Carly McQuown

Carly McQuown

Carly McQuown is from Salisbury, Maryland, a small town on Maryland’s Eastern Shore. She attended Towson University to receive a BA in History with a focus on Latin American Studies. After college she traveled around the United States in search of adventure and direction. Ultimately this time lead to self-reflection that made clear she was to become an educator. This led to her attending Salisbury University to obtain a Master’s in Teaching degree. She worked in middle schools for 3 years and is currently teaching high school psychology.

The Global Impact Challenge program is a unique opportunity to facilitate growth in students on multiple fronts. Not only will students think deeply about their personal contribution to their communities, they have the opportunity to see that a small group of dedicated citizens can bring about social change. This opportunity to inspire my students to see themselves as part of a greater whole is one that any educator should be humbled to take part in. The hope for this experience is to be a domino that inspires empathy and self-efficacy for a lifetime within the students who participate.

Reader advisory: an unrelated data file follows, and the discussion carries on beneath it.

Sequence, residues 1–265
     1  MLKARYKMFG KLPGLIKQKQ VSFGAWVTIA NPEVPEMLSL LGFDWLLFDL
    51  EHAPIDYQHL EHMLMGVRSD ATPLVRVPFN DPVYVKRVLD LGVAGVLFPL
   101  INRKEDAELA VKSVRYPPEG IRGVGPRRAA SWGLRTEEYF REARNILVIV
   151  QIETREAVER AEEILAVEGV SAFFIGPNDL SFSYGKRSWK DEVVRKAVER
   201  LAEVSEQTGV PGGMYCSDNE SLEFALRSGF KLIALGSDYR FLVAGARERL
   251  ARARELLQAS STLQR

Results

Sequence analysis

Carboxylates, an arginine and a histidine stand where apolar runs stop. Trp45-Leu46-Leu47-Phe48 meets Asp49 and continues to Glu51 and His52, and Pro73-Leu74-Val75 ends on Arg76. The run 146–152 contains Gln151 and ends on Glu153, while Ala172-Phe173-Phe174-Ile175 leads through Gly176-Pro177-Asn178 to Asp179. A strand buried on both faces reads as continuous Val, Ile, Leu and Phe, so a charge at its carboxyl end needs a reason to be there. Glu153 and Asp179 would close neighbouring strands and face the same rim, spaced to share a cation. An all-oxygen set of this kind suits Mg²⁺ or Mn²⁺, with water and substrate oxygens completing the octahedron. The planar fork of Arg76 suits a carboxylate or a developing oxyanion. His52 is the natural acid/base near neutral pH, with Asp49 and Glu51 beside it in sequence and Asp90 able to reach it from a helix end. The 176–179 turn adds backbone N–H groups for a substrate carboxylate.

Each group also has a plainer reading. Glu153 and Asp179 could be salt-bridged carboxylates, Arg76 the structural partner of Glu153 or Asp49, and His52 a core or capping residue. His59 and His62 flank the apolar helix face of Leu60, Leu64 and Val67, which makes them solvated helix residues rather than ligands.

Diversity and inclusion represent an opportunity to actualize the American spirit. Pluralism is what makes America unique and frustrating to those that are not accepting to new ideas. It inspires progress and develops empathy. As acceptance and inclusion spread, society becomes gentler and more advanced. Without these ideals and focus society does not progress.

Kenneth Waters

Kenneth Waters

Dr. Kenneth D. Waters is originally from Philadelphia “Philly”, PA. To date, he lives in the Washington, DC metro area, where he’s a current faculty member at St. Andrew’s Episcopal School, Potomac, MD. In this capacity, he serves as the school’s Diversity Coordinator, and teaches in its Upper School’s English and Humanities Department. Dr. Waters is also one of the founding leaders for Black Male Educators for Social Justice; a professional membership and activist organization dedicated to advancing the recruitment, development, and retention of Black male educators.